Bicycles

Yamaha hits the dirt with Wabash e-bike

Yamaha hits the dirt with Waba...
The Yamaha Wabash Adventure Gravel e-bike is built for rolling roads or dirt trails
The Yamaha Wabash Adventure Gravel e-bike is built for rolling roads or dirt trails
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The Yamaha Wabash Adventure Gravel e-bike is built for rolling roads or dirt trails
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The Yamaha Wabash Adventure Gravel e-bike is built for rolling roads or dirt trails
The Wabash Adventure Gravel e-bike provides power assist up to 20 mph
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The Wabash Adventure Gravel e-bike provides power assist up to 20 mph
The Wabash Adventure Gravel e-bike's 36 V/500 Wh Li-ion battery unit sits on the outside of the aluminum frames down tube
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The Wabash Adventure Gravel e-bike's 36 V/500 Wh Li-ion battery unit sits on the outside of the aluminum frames down tube
The Wabash Adventure Gravel e-bike rides on 700x33c EXO Maxxis Speed Terraine tires
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The Wabash Adventure Gravel e-bike rides on 700x33c EXO Maxxis Speed Terraine tires
The 700x33c EXO Maxxis Speed Terraine tires come in just the one color option, the appropriately-named latte
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The 700x33c EXO Maxxis Speed Terraine tires come in just the one color option, the appropriately-named latte

Yamaha has been in the e-bike business since 1993, and has since sold more than 2 million power assist bicycles and produce more than 4 million drive units. The company's latest release is the Wabash Adventure Gravel e-bike, which has the look of last year's Urban Rush e-bike, that we first clocked at Interbike in 2017, but with some important tweaks for tackling hard surfaces or loose dirt.

The 2018 Urban Rush model was designed for road use and featured Yamaha's PW Series SE motor, a 36 V/500 Wh battery, a 10-speed Shimano Tiagra groupset, and hydraulic disc brakes. The Wabash Adventure Gravel Class 1 power assist bicycle has been created for both road and dirt.

"The gravel category is growing because of the performance and versatility built into these bikes, and Yamaha really keyed in on these areas for the new Wabash," said Yamaha's Drew Engelmann. "The Wabash is fun to ride, and it's made for adventures right out of the garage no matter the terrain."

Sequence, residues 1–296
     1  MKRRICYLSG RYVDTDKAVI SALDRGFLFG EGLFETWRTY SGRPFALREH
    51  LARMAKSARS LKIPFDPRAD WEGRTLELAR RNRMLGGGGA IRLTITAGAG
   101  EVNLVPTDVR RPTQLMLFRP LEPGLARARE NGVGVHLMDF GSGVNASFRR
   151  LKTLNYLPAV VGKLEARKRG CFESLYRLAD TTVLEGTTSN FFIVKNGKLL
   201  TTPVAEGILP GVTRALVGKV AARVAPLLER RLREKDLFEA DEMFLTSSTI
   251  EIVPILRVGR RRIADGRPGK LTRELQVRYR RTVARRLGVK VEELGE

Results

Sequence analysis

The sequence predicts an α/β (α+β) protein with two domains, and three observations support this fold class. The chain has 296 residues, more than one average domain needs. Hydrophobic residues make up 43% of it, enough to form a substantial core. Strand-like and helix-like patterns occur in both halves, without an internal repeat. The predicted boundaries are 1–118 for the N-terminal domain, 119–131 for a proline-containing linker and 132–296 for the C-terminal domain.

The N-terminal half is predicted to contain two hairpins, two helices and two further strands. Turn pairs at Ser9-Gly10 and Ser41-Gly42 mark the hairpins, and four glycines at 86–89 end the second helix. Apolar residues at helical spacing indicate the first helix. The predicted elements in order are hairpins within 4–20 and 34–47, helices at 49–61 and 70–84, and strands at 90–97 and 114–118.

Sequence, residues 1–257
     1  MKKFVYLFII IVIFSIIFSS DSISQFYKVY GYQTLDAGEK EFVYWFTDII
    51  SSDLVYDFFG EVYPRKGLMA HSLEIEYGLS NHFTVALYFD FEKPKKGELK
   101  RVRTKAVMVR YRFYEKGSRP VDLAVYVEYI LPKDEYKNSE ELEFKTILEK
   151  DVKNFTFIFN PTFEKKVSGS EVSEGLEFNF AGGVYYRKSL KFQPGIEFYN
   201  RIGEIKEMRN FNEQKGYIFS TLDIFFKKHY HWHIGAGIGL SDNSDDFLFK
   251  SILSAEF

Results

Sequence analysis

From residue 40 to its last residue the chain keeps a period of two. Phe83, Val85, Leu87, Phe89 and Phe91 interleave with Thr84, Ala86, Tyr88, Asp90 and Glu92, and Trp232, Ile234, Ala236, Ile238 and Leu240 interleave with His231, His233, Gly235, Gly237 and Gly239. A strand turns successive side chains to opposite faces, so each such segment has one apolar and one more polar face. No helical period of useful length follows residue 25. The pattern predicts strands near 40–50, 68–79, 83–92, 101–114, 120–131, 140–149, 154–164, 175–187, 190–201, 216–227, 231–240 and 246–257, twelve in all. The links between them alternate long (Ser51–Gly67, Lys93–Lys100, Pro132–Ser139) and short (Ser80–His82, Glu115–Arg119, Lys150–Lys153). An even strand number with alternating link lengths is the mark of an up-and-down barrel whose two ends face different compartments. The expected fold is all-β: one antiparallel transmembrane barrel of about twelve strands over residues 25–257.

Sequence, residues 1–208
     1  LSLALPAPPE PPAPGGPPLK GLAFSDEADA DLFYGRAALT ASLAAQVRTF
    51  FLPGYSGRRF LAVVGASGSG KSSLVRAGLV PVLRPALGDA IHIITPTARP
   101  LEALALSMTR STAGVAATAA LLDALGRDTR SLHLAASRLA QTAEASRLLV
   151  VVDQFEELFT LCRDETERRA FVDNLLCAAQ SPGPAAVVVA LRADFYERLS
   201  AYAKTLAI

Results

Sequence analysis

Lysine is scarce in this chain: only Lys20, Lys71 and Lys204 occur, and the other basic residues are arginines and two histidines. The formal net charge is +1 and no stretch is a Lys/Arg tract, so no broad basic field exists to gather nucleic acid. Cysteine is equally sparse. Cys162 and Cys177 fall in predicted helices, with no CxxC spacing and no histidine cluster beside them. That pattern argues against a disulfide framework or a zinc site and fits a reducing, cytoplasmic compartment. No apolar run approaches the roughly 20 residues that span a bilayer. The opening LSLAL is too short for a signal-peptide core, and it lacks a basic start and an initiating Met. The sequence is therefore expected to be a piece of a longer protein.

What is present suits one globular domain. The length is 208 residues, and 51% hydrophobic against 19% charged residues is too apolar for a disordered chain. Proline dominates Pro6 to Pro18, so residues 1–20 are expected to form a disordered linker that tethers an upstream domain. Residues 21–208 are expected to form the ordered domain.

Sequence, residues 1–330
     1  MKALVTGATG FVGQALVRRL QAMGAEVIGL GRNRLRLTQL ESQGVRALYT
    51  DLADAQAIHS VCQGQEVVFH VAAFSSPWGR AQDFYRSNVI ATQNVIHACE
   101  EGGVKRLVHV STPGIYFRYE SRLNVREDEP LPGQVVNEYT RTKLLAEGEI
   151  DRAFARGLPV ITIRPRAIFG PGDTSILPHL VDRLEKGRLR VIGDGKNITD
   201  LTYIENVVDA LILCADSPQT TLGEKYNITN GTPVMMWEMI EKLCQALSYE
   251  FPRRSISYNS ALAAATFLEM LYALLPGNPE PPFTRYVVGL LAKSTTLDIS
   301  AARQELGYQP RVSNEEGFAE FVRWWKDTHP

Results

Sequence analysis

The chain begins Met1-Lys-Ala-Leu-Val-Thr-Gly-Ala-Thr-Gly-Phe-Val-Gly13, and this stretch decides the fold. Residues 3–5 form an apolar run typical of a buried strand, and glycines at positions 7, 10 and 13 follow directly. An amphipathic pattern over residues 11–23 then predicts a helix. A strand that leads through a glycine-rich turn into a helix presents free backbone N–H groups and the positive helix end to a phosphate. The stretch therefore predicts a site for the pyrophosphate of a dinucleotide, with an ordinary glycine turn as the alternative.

The 42.3 lb (19 kg) Wabash with aluminum frame and fork includes Yamaha's Triple Sensor System for the measurement of rider power generation, bike rolling speed and pedal revs per minute. The zero cadence assist feature of the rear hub sensor detects any forward pedaling immediately and activates the power support system, which provides pedal assist up to 20 mph (32 km/h).

The 700x33c EXO Maxxis Speed Terraine tires come in just the one color option, the appropriately-named latte
The 700x33c EXO Maxxis Speed Terraine tires come in just the one color option, the appropriately-named latte

Four power levels are available from the company's mid-mounted PW Series SE motor – rated at 250 W (nominal), 500 W (max) – with up to 70 Nm (51.6 lb.ft) of torque on tap, while the 36 V/500 Wh Li-ion battery unit graces the outside of the down tube. The SRAM Apex 1x11 drivetrain with SRAM X-Sync chainring configuration is reported to help keep the chain secure while on bumpy rides, and allows for precision shifting on rough terrain.

Yamaha says that the Wabash benefits from 12 mm thru axle on the front and rear hubs for increased control in the corners. There's a wide flare handlebar drop offers better stability, too, and stopping power is provided by SRAM Apex hydraulic disc brakes. The Wabash rides on 700x33c EXO Maxxis Speed Terraine tires.

A trip computer with speedo, odo, range and cadence information displayed onscreen, an LED headlight, and hidden rack mounts for attaching the company's rack and fender kit round out the specs.

The Wabash Adventure Gravel e-bike is available in small, medium or large frames and carries a suggested ticket price of US$3,499. It's being shipped to bike shops across the US now.

Product page: Yamaha

4 comments
guzmanchinky
Love the Yamaha drives in my Giant ebikes. But unless the battery is integrated into the frame where you can't really tell it's an ebike you get yelled at a lot by the "purists"...
exodous
For this price it should have a gear box That would be cool, a e-bike with a gear box. E-bikes ranges are getting really close for them to be worth it for touring. I haven't seen any where I have toured but I'm betting they'll become common in the next few years.
Doodah
I can't understand why anyone would buy an ebike with those specs for that money. Massive ripoff! There are many many cheaper more powerful options out there.
toyhouse
I want one - but still too much. For what it's worth, I think the reason they're setting this price-point is that they think their well-known name carries extra value. It does. Many brands are of unknown origin, usually chinese, but this company has a long history with motorcycles, on and off road. And considering that some high-end bikes of this kind cost even more with no e-drive,.. places them somewhere in the middle of the current ebike market I guess. But I'll agree,... the price needs to come down for market acceptance on these things. That's so folks aren't getting yelled at by the purists, hahaha. I've heard it all from that crowd. I would think products like this cost a fraction to make compared to a motorcycle. Just guessing.